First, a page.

Jo here, stepping in for Edith. Apologies up front if this has any errors. I’m recovering from the sort of ‘flu that creates brain fuzz. I did have something in mind to blog about, but then some people on my list began to talk about the Chevalier D’Eon, one of the most mysterious and fascinating side-line characters in European history. (You’ll see below why they thought it of interest on my list.)
The Wikipedia article has the basics, but there’s stuff all over the web about him. He’s still a cause for speculation and fascination. Wikipedia article (This, however, claims that he retured to France later in life, and that’s not what I understand. Always a mystery.)
I don’t remember when I first heard about him, but I’ve known the basics for a long time — the strange 18th century Frenchman who liked to dress up as a woman. This wasn’t a secret. It was a great curiosity, or scandal, or mystery in his own lifetime.
However, I never intended to become personally involved with him. That happened completely by accident. In 1999, I was writing Devilish, the last book in the main line of the Georgian series about the aristocratic Malloren family headed by the Marquess of Rothgar.
Rothgar is intimately involved in the power politics of the 1760s and thus, at that period, in matters between Britain and France. I needed a brief encounter with the French Ambassador and went looking for a name — to find that it was the Chevalier D’Eon.
Well, not exactly. He was acting ambassador, but it was he. It was a moment for rude words. I couldn’t, absolutely couldn’t, have D’Eon as a walk on/walk off part, but I did need some official French participation. I couldn’t change my timeline because it was pretty well fixed by events in the series.
In the end I had to accept the situation and work with it, and as is often the case, it turned out to be a gift. Not only was D’Eon a wonderful character, but enriching the French intrigue part of the book made it stronger.
The really peculiar, even creepy thing, was that after I’d finished the book I realized that Rothgar’s actions could explain some of the very strange actions and decisions D’Eon made during that time. After all, Rothgar was feeding him forged documents, some even from the King of France, so D’Eon’s apparently insane boldness and feeling off omnipotence had some basis.
I don’t have space here to even try to explain it all, but in effect he lost the king’s favor by his brash decisions, but saved himself by holing up with a lot of records that King Louis absolutely couldn’t allow to be made public. (Sometimes history is stranger than fiction.)
D’Eon probably had even more on all kinds of people because he was allowed to live, and even received a pension from the king, but he had to remain in exile in England, and only ever wear women’s clothing. (Told you. Strange, strange….) He’d done that before, for espionage and pleasure, but whether he wanted a life sentence is hard to know.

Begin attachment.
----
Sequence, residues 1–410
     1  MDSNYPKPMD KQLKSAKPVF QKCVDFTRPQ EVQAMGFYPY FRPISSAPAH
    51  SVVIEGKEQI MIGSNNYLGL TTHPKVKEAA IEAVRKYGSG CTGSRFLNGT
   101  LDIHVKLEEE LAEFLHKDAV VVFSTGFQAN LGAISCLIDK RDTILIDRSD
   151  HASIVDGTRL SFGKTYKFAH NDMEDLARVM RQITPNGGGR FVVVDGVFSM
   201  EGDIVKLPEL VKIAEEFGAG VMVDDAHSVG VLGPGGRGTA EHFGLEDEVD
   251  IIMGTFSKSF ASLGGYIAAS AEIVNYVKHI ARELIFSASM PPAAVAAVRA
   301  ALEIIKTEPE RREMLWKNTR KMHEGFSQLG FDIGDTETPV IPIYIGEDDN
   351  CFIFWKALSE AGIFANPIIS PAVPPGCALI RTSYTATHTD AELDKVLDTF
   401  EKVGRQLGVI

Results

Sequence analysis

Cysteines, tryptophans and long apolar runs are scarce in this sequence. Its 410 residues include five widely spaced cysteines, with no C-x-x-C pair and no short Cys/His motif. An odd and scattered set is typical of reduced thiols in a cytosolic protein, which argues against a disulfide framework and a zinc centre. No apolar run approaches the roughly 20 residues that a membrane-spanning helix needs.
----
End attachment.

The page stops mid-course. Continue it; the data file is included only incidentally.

Despite the pictures, this was not a delicate man. He was a war hero and a brilliant fencer, on record as the best in Europe. There’s a famous picture of him engaged in a fencing match with the Chevalier de Saint-Georges, the supposed best in Europe. This took place in 1787 when D’Eon was sixty.
This is froma webpage about Saint-Georges, who was interesting in his own right.
". . . the most spectacular event of this visit was a contest that took place at Carlton House on 9 April 1787 in the course of which St-George took on not only the Prince of Wales, the future George IV, but also a personality who had become a legend in his lifetime – the Chevalier, or rather at that time the Chevalière, d’Eon. The painter Robineau has captured this unusual combat in a canvas showing
St-George crossing swords with a lady of a certain age, in skirts and a lace bonnet, whose posture is entirely masculine and who bears the cross of St. Louis on her left breast. The bout ended with the victory of “Miss” d’Eon, but she “was modest enough to believe that M. de St-Georges had been kind to her.” However, he candidly stated that it had taken all his skill to try to parry the thrusts of his adversary. . ."
Yup, he won, at sixty, and in skirts.
There was endless speculation about whether he was a woman in disguise or a man in disguise. It’s possible he was a hermaphrodite.
Official web site in Japanese. Lovely pictures.
Here’s the English one.
You can watch a trailer of the Anime series on You Tube.
Amazing, isn’t it. And an the moment I’m reading up on Mrs. Cornelys, who was inhabiting London at the same time, though he hasn’t entered the picture. Casanova has, however, and what he got up to with her son (no, nothing like THAT, but still very odd.) As I say, history is far wilder than fiction dares to be.
I usually try to toss out some seed questions, but this I leave to you. Give me your thoughts, reactions, speculations, explanations. This time, one randomly picked poster will get a copy of Devilish.
Thanks to everyone on my list who inspired this.